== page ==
Over one-third of the 15,500 nursing homes in the U.S. received ratings of just one or two stars on CMS’s Five-star quality rating system, according to an analysis by the Kaiser Family Foundation (KFF). The analysis, which examined the ratings used to score nursing homes based upon deficiencies identified during health inspections, reveals that a significant number of nursing homes—those responsible for 39 percent of the nation’s nursing home residents—are failing in terms of staffing and care quality.
In 2008, CMS modified its Nursing Home Compare website to include a more user-friendly five-star rating system based upon quality ratings for each of the Medicare and Medicaid certified nursing homes. As a result of 2015 changes, the rating system uses three domains—(1) state health inspections; (2) staffing ratios; and (3) quality measures—to rank nursing homes from the lowest in quality (one star) to the highest in quality (five stars). The CMS changes are part of an ongoing effort to increase the star ratings’ reliability, as mandated by the Patient Protection and Affordable Care Act (ACA) (P.L. 111-148) and the Improving Medicare Post-Acute Care Transformation Act (IMPACT Act) (P.L. 113-185). One change mandated by the ACA will be the inclusion of “staffing data collected quarterly from electronic systems used for payroll reporting” as an alternative to self-reported data.
The KFF analysis used data from the Nursing Home Compare database February 2015 data release. The study looked at information including a “nursing home’s name, location, size, and number of recorded deficiencies and fines.” The analysis was restricted by the data set to only nursing homes with Medicaid or Medicare participation or both. KFF cautioned that the analysis does not demonstrate the validity or reliability of the CMS data set, but instead, is intended to show variation among states and nursing home characteristics.
In addition to the finding that 36 percent of nursing homes scored just one or two stars on the rating system, the analysis uncovered that 45 percent of nursing homes have an overall rating of four or five stars. Those 45 percent of high scoring nursing homes account for 41 percent of all nursing home residents in the nation. The analysis indicated that high scores may be due in part to self-reporting because scores on self-reported measures tended to outperform scores from state health inspections.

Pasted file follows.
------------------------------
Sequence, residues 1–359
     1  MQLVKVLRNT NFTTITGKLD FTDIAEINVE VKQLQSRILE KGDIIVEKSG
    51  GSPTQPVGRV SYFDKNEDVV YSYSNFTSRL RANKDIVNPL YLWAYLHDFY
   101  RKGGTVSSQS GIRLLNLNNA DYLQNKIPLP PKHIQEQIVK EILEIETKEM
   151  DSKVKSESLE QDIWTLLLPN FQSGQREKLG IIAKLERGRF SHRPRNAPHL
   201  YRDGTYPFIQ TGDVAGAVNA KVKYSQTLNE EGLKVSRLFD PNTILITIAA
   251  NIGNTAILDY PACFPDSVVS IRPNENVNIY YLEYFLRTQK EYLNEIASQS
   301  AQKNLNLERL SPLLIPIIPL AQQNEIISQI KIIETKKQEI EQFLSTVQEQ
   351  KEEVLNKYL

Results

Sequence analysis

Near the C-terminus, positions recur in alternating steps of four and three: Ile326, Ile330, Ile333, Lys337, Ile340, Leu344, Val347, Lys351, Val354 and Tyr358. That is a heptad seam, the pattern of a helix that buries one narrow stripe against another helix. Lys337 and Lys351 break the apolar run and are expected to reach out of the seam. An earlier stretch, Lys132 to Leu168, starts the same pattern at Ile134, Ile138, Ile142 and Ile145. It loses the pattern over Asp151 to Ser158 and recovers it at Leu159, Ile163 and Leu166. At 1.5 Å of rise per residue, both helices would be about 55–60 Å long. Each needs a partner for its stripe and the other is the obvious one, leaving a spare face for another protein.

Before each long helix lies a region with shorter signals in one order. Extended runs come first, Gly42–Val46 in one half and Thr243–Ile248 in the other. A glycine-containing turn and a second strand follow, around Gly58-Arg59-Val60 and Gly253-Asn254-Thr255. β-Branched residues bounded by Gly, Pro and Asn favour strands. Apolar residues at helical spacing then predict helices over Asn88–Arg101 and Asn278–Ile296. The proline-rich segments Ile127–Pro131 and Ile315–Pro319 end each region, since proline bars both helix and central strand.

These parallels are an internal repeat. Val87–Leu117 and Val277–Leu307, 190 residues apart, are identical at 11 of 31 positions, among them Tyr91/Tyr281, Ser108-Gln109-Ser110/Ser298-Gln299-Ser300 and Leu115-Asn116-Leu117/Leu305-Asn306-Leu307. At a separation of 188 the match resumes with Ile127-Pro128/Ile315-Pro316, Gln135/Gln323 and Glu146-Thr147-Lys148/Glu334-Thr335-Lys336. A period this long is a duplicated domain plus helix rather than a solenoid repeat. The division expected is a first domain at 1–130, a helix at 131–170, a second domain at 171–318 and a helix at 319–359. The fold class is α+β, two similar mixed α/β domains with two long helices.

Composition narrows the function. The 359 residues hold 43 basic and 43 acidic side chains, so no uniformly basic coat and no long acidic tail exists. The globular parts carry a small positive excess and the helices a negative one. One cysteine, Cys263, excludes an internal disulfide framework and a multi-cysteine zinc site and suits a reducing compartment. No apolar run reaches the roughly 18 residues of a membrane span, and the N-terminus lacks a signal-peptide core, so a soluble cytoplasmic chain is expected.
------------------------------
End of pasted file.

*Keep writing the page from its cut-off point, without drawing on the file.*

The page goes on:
Profit and size
According to KFF, for-profit facilities performed less well than non-profit facilities. For example, one in five for-profit nursing homes received one star, whereas one in ten non-profit nursing homes received a one-star rating. Additionally, 33 percent of non-profit nursing homes received five stars, whereas only 18 percent of for-profit facilities received the highest rating. Smaller facilities also outperformed larger facilities with 39 percent of nursing homes with 60 or fewer beds receiving five stars and just 14 percent of nursing homes with 120 beds or more receiving five stars. KFF hypothesized that the lower scores among larger facilities are likely a result of the lower staffing numbers seen in large nursing homes.
The analysis also found significant variation among states. For example, in 11 states, at least 40 percent of the nursing homes scoed one or two stars. In Texas, 51 percent of nursing homes received either one or two stars. Nine states, including Texas, Louisiana,
Oklahoma, Kentucky, Tennessee, New Mexico, West Virginia, Ohio, and Georgia, had more than 20 percent of nursing homes with one star. On the positive side, in 22 states and the District of Columbia, at least half of the nursing homes scored a four or a five on the star-rating system. Additionally, 66 percent of U.S. counties have a nursing home with a four or five star rating.